The coalition of NGOs presented the report last week to the United Nations in Geneva on the occasion of the 5th UN Annual Forum on Business and Human Rights.

The coalition of NGOs presented the report last week to the United Nations in Geneva on the occasion of the 5th UN Annual Forum on Business and Human Rights.
Photo Credit: Genevieve Paul

NGOs call for independent ombudsman to oversee Canadian mining activities abroad


A coalition of NGOs is calling on the Liberal government to create an independent ombudsman to investigate potential abuses by Canadian multinational companies abroad, particularly in the mining sector.

The recommendation is part of a report released last week by Above GroundOECD Watch, and Mining Watch Canada.

The report called “Canada is Back, But Still Far Behind” examines the performance of Canada’s National Contact Point (NCP), illustrated by its review of complaints of serious harm linked to five Canadian mining projects in Ecuador, Mongolia, Papua New Guinea, Chinese Tibet and Zambia.

Under OECD Guidelines for Multinational Enterprises all participating governments, including Canada’s, are required to establish National Contact Points to protect workers’ rights and the environment, curb corruption, and investigate complaints and ensure compliance.

Flawed strategy

The Canadian government relies on the NCP as a central component of its Corporate Social Responsibility (CSR) strategy, said the report.

But critics say in its current form the strategy is a fig leaf that allows the federal government to claim that they are working on advancing ethical business practices and human rights while in reality very little is being done on the practical level.

“We want the new government to comprehensively reform its CSR strategy,” said Geneviève Paul, a program officer at Above Ground. “We want a legal and policy reform to make sure that Canadian companies are required to respect human rights and the environment when they operate abroad.”

(click to listen to the full interview with Geneviève Paul)


(Erratum: At 2:50 in the audio interview, the statistic mentioned should read: Companies are not required to sit at the table and in over 50% of cases, the cases submitted to the NCP have not made it passed the admissibility stage”)

Toothless watchdog
Ecuadorian Indian protesters participate in a march to Quito to protest against the El Mirador copper mining project,in Quito March 22, 2012.
Ecuadorian Indian protesters participate in a march to Quito to protest against the El Mirador copper mining project,in Quito March 22, 2012. ©  GARY GRANJA / Reuters

In contrast to the current NCP, which lacks the teeth to investigate and enforce the OECD guidelines, an ombudsperson office would be independent, transparent and credible, the three NGOs said.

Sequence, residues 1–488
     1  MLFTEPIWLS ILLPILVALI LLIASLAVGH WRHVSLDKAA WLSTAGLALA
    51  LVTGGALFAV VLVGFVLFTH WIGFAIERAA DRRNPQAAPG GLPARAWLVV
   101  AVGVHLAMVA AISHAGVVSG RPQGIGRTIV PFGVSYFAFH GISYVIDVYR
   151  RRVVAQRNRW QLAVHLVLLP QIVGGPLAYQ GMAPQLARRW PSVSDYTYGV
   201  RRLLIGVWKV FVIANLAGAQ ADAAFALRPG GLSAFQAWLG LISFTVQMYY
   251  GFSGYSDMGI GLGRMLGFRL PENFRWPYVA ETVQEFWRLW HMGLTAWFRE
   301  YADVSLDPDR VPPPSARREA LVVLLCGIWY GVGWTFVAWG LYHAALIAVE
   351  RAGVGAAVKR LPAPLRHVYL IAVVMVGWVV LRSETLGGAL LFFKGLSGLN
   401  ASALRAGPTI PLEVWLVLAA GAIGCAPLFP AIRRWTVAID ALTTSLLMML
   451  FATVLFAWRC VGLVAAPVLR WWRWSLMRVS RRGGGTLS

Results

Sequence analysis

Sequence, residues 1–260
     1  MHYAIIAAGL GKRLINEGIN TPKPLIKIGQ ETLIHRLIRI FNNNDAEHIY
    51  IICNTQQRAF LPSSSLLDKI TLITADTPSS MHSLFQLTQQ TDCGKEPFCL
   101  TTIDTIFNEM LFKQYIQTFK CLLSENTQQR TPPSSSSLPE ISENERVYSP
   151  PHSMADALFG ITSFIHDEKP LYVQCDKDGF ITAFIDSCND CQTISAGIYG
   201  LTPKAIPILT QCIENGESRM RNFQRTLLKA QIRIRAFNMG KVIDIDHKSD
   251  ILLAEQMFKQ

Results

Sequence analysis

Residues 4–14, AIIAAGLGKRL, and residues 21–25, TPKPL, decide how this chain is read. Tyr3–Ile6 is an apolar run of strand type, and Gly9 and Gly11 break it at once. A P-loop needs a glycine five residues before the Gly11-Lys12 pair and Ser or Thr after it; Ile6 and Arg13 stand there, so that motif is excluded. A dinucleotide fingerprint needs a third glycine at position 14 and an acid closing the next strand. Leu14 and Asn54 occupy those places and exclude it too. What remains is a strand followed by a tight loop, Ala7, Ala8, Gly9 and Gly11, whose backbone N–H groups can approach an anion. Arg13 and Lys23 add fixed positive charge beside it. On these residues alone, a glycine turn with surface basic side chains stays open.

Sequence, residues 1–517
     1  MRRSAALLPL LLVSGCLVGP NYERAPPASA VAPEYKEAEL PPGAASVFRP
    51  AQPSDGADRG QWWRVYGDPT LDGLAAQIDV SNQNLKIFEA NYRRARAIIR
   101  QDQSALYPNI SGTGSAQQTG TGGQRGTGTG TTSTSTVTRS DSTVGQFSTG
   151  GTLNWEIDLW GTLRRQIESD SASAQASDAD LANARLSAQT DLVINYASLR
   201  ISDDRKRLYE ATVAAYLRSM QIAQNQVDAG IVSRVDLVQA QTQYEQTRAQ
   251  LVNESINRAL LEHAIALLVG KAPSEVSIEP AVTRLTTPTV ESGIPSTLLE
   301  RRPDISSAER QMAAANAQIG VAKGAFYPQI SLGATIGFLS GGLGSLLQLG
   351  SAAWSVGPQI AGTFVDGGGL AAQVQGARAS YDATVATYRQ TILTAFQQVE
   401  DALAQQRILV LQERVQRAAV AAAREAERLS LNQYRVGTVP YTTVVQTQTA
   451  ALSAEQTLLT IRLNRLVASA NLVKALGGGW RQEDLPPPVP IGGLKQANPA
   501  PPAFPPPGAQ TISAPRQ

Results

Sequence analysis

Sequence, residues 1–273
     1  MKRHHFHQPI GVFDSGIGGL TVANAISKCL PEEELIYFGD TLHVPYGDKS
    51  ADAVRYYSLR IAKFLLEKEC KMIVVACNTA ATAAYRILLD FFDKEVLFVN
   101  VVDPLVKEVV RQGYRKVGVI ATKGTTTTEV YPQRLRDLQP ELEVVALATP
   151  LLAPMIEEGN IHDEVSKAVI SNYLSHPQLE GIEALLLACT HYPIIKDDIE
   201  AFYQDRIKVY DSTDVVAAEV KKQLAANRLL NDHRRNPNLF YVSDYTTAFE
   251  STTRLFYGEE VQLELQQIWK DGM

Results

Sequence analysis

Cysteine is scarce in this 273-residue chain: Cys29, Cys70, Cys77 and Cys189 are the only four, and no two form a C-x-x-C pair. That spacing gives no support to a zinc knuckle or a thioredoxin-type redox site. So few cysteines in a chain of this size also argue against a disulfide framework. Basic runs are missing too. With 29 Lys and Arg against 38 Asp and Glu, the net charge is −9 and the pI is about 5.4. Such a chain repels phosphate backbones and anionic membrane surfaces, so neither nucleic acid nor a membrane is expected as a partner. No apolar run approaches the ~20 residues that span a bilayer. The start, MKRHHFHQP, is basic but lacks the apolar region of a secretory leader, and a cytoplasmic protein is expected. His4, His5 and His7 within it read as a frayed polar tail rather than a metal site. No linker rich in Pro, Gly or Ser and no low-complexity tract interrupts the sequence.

“It would have the power to undertake investigations, to assess if harm has been caused and to apply effective sanctions in cases of non-compliance with human rights and environmental standards,” the report said.

Companies that fail to abide by the norms set out by the OECD have to face appropriate sanctions and victims of the abuses carried out by these companies have to have access to justice and reparations, particularly when they have no such access in their home countries, Paul said.

The report slams the Canadian NCP for its lack of independence, its opaque procedures, unjustified delays in reviewing complaints, as well as an “unjustifiably high threshold” for accepting complaints.

The NCP does not make findings on whether companies have breached the guidelines, Paul said. And the process rarely concludes with an agreement or recommendations, and there are no effective follow-up procedures in place, she said.

“The bottom line is that this mechanism is voluntary,” Paul said.

Campaign promises
Prime Minister Justin Trudeau works the phones at Liberal headquarters in Ottawa, Wednesday October 19, 2016.
Prime Minister Justin Trudeau works the phones at Liberal headquarters in Ottawa, Wednesday, October 19, 2016. © PC/Adrian Wyld

Paul said the NGOs have discussed their concerns with Global Affairs officials who are in charge of the NCP process but have yet to see concrete action to remedy some of the shortcomings.

“These are things that we have been discussing actually with the Liberals 10 years ago, there were a series of national round tables back in 2006 where there was an agreement that the situation is serious, that companies are involved in serious allegations of human rights abuses abroad,” Paul said.

There was agreement that more needed to be done and that Canada needed an independent ombudsperson office that could investigate complaints, she said.

“Even the industry had accepted that recommendation but 10 years later we’re still waiting to see that happen,” Paul said. “The Liberals have pledged to do that in their campaign so we’re really, really hoping to see some leadership in this area, starting with the creation of an ombudsperson’s office.”

No one from Global Affairs, the lead federal agency on NCP and corporate social responsibility, was available for an interview Monday. However, the department sent the following statement: “The Government of Canada is assessing Canada’s Corporate Social Responsibility (CSR) approach and identifying ways to strengthen it, ensuring that we continue to demonstrate real leadership around the world on CSR.”

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